Vail Daily obituary: Kyle R. Hall, 1964-2013 |

Vail Daily obituary: Kyle R. Hall, 1964-2013

Kyle Hall with his Eagle County Sheriff's Office K-9 partner.
Photo special to the Daily |

Kyle Richard Hall, 49, was a dedicated law enforcement officer, community member, father and friend. He passed away Oct. 25 with family by his side.

Hall was born in Naperville, Ill., and raised in Downers Grove, Ill. He went to grade school, junior high and three years of high school at Pontiac Township High School in Illinois. In 1981, his family moved to Fort Morgan, where he graduated from Fort Morgan High School in 1983. Then, he attended Northeastern Junior College in Sterling and Mesa State College in Grand Junction where he studied drafting and enjoyed wrestling. He later graduated from Kaplan University with a bachelor’s degree in criminal law.

Hall graduated from Morgan Community College’s Colorado Law Enforcement Training Academy in 1988 and took his first job as a deputy marshal in Log Lane. He came to the Eagle County Sheriff’s Office in 1989. He was eventually assigned to the department’s K-9 unit and together with his police dog Nicky, he became a familiar presence in the valley.

In 1989, he earned his emergency medical technician certification and from 1993 to 1996 he was a volunteer EMT for Western Eagle County Ambulance District. In 1996, Hall and his family moved from Eagle County to Burlington, where he took a position as a police officer and K-9 handler. He also volunteered as an EMT for the Kit Carson County Ambulance Service. Hall returned to the Eagle County Sheriff’s Office in 2001 and he became a detective in 2011 shortly after his other K-9, Fantom, passed away. Hall also attended and competed in police K-9 competitions with both of his police dogs — Nicky and Fantom — and was a judge for the United States Police Canine Association.

“Kyle was a true professional,” said Eagle County Sheriff Joe Hoy. “He was respected for his attitude, courage, ability to look beyond the obvious, and most importantly, for his commitment to the community and the brotherhood of law enforcement.

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“He was a cop whose opinion and insight I could always count on,” Hoy said. “But above all, Kyle was a good friend and he will be sorely missed.”

From 2008 to 2012, Hall was a member of the Gypsum Town Council.

“He wanted to give back and help the community he lived in, even though he worked hard at his day job at the sheriff’s office as a deputy and a detective,” said fellow Town Council member Pam Schultz. “He always had time for his commitment to the town board. He is greatly missed in this position.”

Schultz said she first became acquainted with Hall through a mutual love of country music. She recalled how Hall gave her a denim jacket and asked if she could collect autographs on the garment when the Gypsum Daze concert headliners came to town.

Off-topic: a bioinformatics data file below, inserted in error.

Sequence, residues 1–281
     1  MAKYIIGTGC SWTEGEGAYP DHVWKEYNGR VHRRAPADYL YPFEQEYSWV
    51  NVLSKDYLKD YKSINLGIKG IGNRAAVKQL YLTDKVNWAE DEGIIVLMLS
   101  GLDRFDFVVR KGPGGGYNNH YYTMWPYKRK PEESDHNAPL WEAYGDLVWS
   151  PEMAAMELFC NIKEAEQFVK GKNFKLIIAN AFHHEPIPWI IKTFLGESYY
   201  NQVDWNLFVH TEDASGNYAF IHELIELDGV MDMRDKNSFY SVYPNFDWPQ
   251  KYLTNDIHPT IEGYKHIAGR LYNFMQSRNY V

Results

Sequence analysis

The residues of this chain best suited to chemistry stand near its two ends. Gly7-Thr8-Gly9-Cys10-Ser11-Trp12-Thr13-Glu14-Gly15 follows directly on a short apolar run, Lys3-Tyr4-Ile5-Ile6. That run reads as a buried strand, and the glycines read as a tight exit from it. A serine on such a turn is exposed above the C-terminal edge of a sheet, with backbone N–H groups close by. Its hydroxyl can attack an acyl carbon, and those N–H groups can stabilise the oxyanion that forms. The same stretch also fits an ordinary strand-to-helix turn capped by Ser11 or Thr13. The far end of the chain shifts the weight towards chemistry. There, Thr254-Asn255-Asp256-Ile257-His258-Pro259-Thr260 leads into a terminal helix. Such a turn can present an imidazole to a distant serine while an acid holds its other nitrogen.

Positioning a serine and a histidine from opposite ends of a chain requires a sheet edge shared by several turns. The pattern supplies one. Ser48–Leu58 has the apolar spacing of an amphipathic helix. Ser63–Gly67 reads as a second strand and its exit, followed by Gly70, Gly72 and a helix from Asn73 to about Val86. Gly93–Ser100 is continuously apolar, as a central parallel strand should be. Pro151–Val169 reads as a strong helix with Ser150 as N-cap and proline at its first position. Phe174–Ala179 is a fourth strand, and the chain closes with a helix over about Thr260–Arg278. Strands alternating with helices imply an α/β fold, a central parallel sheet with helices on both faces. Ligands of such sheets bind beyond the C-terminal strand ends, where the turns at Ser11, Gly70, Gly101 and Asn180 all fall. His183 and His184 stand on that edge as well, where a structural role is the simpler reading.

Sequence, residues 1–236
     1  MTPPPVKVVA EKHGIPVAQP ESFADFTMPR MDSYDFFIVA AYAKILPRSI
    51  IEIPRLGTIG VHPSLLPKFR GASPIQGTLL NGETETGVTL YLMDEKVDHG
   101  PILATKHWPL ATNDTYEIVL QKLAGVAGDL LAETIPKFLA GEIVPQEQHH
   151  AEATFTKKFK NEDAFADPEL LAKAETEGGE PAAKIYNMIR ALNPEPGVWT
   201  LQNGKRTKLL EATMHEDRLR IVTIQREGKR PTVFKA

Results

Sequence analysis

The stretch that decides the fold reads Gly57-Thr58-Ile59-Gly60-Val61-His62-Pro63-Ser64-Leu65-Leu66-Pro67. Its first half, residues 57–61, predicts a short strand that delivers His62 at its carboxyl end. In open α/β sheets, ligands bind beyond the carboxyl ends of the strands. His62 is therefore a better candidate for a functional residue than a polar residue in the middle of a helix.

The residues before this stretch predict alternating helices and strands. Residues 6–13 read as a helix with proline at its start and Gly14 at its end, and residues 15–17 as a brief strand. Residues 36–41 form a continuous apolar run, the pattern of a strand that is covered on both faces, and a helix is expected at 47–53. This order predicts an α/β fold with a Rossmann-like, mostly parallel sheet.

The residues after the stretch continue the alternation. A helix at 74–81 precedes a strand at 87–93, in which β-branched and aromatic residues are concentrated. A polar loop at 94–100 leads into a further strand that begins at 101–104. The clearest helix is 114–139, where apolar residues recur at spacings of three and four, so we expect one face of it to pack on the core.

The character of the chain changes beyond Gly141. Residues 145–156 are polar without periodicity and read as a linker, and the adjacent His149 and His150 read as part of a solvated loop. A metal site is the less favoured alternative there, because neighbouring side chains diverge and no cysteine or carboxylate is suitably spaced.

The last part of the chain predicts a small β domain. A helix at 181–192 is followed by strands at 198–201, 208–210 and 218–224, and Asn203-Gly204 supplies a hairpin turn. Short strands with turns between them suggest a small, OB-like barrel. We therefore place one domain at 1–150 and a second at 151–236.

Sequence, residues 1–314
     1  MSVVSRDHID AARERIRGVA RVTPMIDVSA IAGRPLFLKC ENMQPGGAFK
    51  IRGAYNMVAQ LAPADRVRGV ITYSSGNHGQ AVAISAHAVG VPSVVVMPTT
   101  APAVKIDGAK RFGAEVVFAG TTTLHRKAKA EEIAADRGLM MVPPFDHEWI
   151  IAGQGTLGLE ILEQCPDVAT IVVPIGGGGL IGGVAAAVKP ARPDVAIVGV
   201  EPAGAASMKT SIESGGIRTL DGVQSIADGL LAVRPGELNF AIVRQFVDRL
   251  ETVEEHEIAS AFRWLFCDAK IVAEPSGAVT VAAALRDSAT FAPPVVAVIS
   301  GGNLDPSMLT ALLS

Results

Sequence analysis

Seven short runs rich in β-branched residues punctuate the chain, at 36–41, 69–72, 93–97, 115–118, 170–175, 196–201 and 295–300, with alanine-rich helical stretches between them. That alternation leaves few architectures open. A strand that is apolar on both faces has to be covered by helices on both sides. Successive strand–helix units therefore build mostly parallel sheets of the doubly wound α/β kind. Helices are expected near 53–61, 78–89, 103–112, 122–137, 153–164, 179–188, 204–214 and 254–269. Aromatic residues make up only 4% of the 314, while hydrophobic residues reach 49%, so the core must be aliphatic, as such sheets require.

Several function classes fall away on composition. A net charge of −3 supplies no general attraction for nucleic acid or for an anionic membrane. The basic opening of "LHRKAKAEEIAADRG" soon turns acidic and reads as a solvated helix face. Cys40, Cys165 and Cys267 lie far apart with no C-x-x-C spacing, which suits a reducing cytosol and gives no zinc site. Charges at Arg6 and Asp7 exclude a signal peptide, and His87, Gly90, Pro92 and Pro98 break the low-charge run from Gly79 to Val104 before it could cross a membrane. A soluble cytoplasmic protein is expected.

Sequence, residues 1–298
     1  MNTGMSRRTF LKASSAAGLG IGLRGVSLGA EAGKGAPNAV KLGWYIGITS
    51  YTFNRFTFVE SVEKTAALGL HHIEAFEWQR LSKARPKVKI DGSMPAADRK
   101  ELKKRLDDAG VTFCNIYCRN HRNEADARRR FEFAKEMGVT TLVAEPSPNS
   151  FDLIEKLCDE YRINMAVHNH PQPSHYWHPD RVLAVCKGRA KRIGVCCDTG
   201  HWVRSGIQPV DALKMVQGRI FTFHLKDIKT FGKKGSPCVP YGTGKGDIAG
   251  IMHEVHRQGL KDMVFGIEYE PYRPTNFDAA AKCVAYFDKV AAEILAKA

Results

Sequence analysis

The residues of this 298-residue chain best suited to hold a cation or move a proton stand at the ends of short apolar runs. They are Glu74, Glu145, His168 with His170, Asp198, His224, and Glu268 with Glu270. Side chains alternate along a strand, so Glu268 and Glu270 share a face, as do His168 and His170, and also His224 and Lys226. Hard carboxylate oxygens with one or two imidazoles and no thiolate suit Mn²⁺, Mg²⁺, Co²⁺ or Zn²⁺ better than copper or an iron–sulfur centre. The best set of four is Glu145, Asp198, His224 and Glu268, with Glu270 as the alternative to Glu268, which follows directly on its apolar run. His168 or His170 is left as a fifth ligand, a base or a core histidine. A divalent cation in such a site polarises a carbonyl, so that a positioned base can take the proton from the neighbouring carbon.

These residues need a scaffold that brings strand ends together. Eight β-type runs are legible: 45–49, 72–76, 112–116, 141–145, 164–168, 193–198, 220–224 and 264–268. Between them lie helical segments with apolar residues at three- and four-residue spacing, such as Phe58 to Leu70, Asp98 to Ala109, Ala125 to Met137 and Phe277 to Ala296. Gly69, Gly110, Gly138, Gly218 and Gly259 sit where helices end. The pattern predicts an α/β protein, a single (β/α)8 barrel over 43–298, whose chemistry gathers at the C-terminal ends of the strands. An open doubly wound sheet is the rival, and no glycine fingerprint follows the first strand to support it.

“Kyle would also volunteer to do security at the Gypsum Daze concerts and always wanted to be backstage where the action was,” Schultz said. “I can still see him standing at the concert in July of this year, watching from the wings of the stage. He was quiet man doing his job, but was well aware of everything that was going on around him.”

Hall was an enthusiastic mud racer, participating in Gypsum’s Dirty Dozen, Copper Mountain’s Warrior Dash and Beaver Creek’s Tough Mudder events.

Hall was stricken with cancer three years ago. Schultz recalled how he came through his stem cell transplant and was able to come home.

“He still wanted to do his races, go places and be a part of the community,” said Schultz. “We spent many hours just talking about how his illness had changed him and how his priorities had changed from before his illness. He said that’s what happens when you have a look at the other side and stare death in the face. To him it was a second chance to do things he hadn’t done before.”

Schultz noted that Hall was a kind and compassionate person.

“His two daughters, Karen and Beth, and his grandson, Dillan, meant everything to him,” she said.

Hall was preceded in death by his mother, Patricia Ann Diaz (nee Abbaduska), and Bill Diaz. Survivors include his daughters, Karen Perrin and her husband, Gregory of Knoxville, Tenn., and Elizabeth Hall of Anaheim, Calif.; grandson Dillan Perrin; father Richard Hall and wife Chris Hall; sisters Heather Hall and K.C. Harris and husband Don; and nephew Derrick Hall.

A memorial service is planned on Nov. 8 at 11 a.m. at the Eagle River Center at the Eagle County Fairgrounds. A celebration of life will follow from 1 to 5:30 p.m. at the Gypsum Creek Golf Course Creekside Clubhouse & Grill.

Memorial contributions may be made to Cops Fighting Cancer – – or the Kyle Hall Memorial at Wells Fargo Bank. His family plans to use memorial donations to support K-9 units for police departments who cannot afford such services.

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